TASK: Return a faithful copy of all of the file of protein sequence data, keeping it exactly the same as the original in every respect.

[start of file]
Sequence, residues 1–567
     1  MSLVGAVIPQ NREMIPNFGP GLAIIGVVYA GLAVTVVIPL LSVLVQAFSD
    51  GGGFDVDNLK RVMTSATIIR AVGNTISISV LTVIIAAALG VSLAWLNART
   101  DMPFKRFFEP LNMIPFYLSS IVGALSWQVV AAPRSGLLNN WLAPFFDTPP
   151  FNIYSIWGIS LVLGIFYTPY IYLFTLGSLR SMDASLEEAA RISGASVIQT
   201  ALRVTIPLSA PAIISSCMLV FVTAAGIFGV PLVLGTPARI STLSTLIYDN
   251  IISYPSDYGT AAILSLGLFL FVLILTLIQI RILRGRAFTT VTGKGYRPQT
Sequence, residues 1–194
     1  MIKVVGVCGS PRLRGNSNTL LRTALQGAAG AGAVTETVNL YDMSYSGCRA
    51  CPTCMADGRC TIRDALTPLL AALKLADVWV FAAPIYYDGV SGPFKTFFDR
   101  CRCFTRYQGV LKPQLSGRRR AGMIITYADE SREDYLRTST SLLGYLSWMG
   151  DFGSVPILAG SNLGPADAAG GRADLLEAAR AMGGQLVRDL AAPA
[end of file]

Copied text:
Sequence, residues 1–567
     1  MSLVGAVIPQ NREMIPNFGP GLAIIGVVYA GLAVTVVIPL LSVLVQAFSD
    51  GGGFDVDNLK RVMTSATIIR AVGNTISISV LTVIIAAALG VSLAWLNART
   101  DMPFKRFFEP LNMIPFYLSS IVGALSWQVV AAPRSGLLNN WLAPFFDTPP
   151  FNIYSIWGIS LVLGIFYTPY IYLFTLGSLR SMDASLEEAA RISGASVIQT
   201  ALRVTIPLSA PAIISSCMLV FVTAAGIFGV PLVLGTPARI STLSTLIYDN
   251  IISYPSDYGT AAILSLGLFL FVLILTLIQI RILRGRAFTT VTGKGYRPQT
Sequence, residues 1–194
     1  MIKVVGVCGS PRLRGNSNTL LRTALQGAAG AGAVTETVNL YDMSYSGCRA
    51  CPTCMADGRC TIRDALTPLL AALKLADVWV FAAPIYYDGV SGPFKTFFDR
   101  CRCFTRYQGV LKPQLSGRRR AGMIITYADE SREDYLRTST SLLGYLSWMG
   151  DFGSVPILAG SNLGPADAAG GRADLLEAAR AMGGQLVRDL AAPA